Tag Archives: Options

Tips from the Lectern

The number of great, inspiring graduation addresses that hit the web every spring always leave me feeling a little more excited for the future, a little happier with my personal vantage point, and eager for the new graduates to inject some life into our daily workings. (My strange love of a good commencement speech is a little less creepy when you realize that my summer work force is largely composed of these bright young minds.)

Have you seen Neil Gaiman‘s address for the University of the Arts commencement ceremonies?

Because if you haven’t? It’s worth it. Gems of wisdom for the newly-minted creatives among us. Here’s one pearl:

Looking back, I’ve had a remarkable ride. I’m not sure I can call it a career, because a career implies that I had some kind of career plan, and I never did. The nearest thing I had was a list I made when I was 15 of everything I wanted to do: to write an adult novel, a children’s book, a comic, a movie, record an audiobook, write an episode of Doctor Who… and so on. I didn’t have a career. I just did the next thing on the list.

Kim Pensinger Witman‘s post from a few weeks back touches on a similar theme, of thinking of the next exciting step, rather than trying to “do” the whole career at once. And while Mr. Gaiman does talk about having a idea of what he wanted to become, his “mountain,” he also speaks about the flexibility and choices that he made in order to get closer to that less-direct, slightly fuzzy goal. (I’ll tie some of this in with a review of Marci Alboher‘s One Person/Multiple Careers in the next week or so.)

He also has a few valuable snippets for freelancers, points that currently ring quite true in the arts community:

People keep working, in a freelance world, and more and more of today’s world is freelance, because their work is good, and because they are easy to get along with, and because they deliver the work on time. And you don’t even need all three. Two out of three is fine. People will tolerate how unpleasant you are if your work is good and you deliver it on time. They’ll forgive the lateness of the work if it’s good, and if they like you. And you don’t have to be as good as the others if you’re on time and it’s always a pleasure to hear from you.

Be prepared. Be flexible. Be nice. A good professional mantra, even if you’re not quite sure what exactly you want to be when you grow up.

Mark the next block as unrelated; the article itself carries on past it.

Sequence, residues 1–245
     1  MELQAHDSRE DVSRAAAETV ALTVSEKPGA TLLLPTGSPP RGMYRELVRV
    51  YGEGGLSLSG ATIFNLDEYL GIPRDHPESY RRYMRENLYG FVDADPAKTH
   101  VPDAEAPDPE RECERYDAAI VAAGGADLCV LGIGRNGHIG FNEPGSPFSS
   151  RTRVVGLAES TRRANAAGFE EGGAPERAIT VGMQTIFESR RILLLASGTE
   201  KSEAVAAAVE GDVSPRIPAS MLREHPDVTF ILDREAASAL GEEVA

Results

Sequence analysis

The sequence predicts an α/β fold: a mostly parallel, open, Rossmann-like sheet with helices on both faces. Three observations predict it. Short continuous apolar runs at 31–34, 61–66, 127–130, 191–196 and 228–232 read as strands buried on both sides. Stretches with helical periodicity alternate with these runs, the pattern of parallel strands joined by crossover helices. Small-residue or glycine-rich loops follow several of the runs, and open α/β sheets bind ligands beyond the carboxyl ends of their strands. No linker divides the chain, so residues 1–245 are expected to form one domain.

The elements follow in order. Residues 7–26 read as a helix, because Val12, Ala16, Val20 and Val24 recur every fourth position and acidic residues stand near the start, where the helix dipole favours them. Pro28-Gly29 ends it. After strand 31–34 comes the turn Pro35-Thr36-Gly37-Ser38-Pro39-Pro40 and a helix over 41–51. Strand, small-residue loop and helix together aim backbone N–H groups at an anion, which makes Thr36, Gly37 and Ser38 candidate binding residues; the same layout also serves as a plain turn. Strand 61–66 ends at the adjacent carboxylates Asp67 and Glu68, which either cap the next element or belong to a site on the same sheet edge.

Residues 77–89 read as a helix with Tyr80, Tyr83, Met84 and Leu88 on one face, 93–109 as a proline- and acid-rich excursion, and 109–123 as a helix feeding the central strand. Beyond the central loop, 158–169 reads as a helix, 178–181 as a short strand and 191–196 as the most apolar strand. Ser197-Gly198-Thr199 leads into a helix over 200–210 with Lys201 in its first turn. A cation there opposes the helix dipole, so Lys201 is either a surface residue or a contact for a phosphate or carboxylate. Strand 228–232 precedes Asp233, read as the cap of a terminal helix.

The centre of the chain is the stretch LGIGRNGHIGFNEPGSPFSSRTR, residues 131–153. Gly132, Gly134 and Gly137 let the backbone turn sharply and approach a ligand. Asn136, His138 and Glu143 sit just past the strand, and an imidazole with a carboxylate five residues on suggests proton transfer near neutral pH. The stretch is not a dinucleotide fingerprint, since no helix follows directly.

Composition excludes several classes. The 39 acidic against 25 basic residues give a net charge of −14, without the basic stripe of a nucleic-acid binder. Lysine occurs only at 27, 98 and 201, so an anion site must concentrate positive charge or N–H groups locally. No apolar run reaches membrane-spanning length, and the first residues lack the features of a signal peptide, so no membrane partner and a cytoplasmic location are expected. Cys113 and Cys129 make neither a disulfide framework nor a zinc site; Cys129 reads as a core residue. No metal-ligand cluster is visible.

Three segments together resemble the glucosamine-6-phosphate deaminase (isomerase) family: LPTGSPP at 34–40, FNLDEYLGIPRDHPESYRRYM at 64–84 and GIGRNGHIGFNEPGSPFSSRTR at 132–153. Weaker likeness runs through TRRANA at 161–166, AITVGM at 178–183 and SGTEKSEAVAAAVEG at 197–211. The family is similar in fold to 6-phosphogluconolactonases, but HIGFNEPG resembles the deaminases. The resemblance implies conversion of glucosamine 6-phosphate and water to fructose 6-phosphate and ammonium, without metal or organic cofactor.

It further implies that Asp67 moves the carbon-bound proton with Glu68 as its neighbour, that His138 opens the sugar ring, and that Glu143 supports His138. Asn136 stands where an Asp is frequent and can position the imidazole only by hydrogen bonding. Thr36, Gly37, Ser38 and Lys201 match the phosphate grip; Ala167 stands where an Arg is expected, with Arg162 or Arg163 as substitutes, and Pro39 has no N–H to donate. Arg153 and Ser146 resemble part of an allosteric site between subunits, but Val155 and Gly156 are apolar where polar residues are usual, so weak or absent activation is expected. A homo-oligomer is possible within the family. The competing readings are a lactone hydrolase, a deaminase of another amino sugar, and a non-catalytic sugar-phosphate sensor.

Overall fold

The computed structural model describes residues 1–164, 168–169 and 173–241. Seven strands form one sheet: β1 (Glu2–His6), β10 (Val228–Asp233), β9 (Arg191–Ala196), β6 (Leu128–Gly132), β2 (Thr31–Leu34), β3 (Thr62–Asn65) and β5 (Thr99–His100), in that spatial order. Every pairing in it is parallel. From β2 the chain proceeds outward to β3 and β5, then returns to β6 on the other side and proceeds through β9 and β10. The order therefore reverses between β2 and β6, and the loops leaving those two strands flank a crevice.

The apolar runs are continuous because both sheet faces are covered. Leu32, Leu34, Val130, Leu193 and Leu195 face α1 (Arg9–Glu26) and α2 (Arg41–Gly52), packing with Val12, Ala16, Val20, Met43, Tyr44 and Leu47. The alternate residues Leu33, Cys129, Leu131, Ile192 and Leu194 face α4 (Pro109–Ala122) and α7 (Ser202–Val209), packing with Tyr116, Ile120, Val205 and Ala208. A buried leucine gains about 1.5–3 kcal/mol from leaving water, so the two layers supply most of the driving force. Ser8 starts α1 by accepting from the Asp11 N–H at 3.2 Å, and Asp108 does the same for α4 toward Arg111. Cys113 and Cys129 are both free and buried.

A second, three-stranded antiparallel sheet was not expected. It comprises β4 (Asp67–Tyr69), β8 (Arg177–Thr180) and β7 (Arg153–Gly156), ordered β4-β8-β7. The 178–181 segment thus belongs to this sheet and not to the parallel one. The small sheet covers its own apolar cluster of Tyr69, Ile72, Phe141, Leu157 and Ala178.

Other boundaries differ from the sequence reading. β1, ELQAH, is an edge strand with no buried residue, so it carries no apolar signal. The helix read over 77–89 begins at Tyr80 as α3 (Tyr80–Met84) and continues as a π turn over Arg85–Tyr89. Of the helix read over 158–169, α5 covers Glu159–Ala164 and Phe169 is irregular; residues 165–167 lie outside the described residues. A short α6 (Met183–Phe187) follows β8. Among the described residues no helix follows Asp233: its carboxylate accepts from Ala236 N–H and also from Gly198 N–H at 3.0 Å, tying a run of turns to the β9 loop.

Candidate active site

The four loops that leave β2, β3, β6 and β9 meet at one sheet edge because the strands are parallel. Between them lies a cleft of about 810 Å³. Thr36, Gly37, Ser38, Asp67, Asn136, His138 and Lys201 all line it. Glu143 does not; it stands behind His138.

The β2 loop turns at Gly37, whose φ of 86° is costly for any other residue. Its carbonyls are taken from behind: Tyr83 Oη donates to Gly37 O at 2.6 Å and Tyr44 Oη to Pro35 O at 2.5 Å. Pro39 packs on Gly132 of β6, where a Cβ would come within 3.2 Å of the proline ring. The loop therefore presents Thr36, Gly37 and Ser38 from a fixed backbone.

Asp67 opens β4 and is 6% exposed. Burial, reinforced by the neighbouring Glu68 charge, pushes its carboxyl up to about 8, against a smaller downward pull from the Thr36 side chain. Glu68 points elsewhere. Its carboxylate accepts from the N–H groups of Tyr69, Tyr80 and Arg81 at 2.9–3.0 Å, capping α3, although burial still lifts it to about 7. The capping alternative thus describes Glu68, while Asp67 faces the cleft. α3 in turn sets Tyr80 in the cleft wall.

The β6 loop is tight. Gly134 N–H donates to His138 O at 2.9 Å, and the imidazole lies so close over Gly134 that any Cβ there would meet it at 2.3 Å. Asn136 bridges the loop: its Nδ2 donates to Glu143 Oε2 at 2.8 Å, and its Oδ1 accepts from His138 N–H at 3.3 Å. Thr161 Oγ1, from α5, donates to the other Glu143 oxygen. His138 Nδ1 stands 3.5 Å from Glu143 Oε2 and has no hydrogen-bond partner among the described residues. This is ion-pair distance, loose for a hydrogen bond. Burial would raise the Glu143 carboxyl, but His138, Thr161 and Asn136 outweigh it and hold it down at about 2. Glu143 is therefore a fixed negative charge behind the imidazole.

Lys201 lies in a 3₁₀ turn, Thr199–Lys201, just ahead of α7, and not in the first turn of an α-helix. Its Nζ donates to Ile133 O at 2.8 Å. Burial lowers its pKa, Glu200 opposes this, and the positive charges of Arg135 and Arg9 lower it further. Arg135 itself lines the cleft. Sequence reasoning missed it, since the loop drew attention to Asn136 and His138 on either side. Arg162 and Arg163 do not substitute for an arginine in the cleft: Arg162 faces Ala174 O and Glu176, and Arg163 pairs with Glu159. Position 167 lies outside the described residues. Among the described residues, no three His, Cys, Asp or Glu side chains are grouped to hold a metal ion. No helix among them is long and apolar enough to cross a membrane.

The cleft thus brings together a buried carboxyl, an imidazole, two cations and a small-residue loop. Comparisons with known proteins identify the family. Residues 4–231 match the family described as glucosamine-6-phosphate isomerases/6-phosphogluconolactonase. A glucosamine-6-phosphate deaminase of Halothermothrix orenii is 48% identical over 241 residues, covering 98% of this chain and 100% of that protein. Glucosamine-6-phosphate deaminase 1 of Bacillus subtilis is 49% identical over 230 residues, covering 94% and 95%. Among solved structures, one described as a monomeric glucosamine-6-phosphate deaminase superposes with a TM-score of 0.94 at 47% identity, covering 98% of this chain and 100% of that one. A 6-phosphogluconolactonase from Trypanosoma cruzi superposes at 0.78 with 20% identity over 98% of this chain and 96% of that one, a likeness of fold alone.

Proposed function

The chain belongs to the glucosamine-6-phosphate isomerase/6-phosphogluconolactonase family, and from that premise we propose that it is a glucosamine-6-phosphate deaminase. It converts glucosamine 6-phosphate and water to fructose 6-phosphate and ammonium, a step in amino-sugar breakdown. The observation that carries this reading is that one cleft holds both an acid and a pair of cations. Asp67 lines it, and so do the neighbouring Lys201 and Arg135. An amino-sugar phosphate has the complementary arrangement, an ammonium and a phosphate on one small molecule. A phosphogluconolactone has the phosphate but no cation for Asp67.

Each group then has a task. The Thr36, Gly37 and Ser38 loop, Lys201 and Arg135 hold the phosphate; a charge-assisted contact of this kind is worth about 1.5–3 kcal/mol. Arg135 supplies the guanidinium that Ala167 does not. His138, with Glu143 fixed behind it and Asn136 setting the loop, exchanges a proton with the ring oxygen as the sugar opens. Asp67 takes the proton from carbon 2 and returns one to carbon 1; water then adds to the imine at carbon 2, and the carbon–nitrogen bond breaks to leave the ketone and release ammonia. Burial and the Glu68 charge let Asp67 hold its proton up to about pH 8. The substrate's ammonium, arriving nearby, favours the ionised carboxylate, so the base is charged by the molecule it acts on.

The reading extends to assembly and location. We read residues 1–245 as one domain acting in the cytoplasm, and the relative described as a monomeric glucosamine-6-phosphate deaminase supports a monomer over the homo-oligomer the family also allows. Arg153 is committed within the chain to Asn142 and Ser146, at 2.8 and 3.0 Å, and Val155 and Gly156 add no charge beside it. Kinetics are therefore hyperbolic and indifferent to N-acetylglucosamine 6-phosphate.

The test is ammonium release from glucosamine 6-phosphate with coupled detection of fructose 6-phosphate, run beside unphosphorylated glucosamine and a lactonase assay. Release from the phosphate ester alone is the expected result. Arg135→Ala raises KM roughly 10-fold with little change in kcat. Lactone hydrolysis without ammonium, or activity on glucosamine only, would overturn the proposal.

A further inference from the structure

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Career Scaffolding

Rather than posting a personal profile this week, I’d like to direct you towards a post on Creative Infrastructure by Linda Essig, the director of ASU’s Arts Entrepreneurship Program.

(Side note – Arts Entrepreneurship? How awesome is that? While the 17-year-old-Me might’ve been all about performing, the [mumblemumble]-something Me is totally entranced by this program of study.)

She writes, in reference to a chance meeting with an arts worker in a metropolitan sushi bar:

The story of J is a good example of a person who uses his talents, skill and training in the arts to build a career, albeit not one he would have envisioned as an art student. Students enter study in the arts with many dreams and aspirations. […] If J had kept his head down, looking only toward the world of studios and gallery shows, he might not have seen the opportunities that have led to what became an enjoyable and sustainable career.

I can vouch for the undergraduate nearsightedness, and also for the value in keeping one’s eyes open to opportunities. If we think about our undergraduate (and, in some cases, advanced studies) as the scaffolding upon which we build a career, rather than the than the gun barrel through which we cast our aspirations, it free us up to look in any number of directions. Sometimes the straightest, most direct route is simply the easiest route, and not the best. Maybe we should co-opt Lysander’s words of wisdom for this little corner of the internet:

The course of true love ne’er did run smooth.

Amen…whether in love, or relationships or vocation or avocation…sometimes those crunchy places are trying to catch our attention. Listen. Look around, lean into those bumpy, rocky spaces.

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Dirty Little Secret?

There’s been an interesting and relevant thread on LinkedIn, in the Performing Arts Administrators group.

The question on the table is whether we should downplay our theater experience when interviewing for non-industry jobs.

One of the commenters referred to this article, written by actor and drama professor  Louis E. Catron (1932-2010), pictured at right. It outlines 25 Special Advantages that Theater Majors can bring to a job. And I think that in many ways he’s hit the bullseye, especially when referring to those positions that are less knowledge based (medicine, law, dance, opera) and those which are trait-based (i.e. the employer’s looking for someone with a variety of desirable characteristics).

While the list is obviously geared towards students, I find several good parallels.

My question for you – do you tell people about your arts background, or do you let it emerge? Do you find it an asset or a liability?

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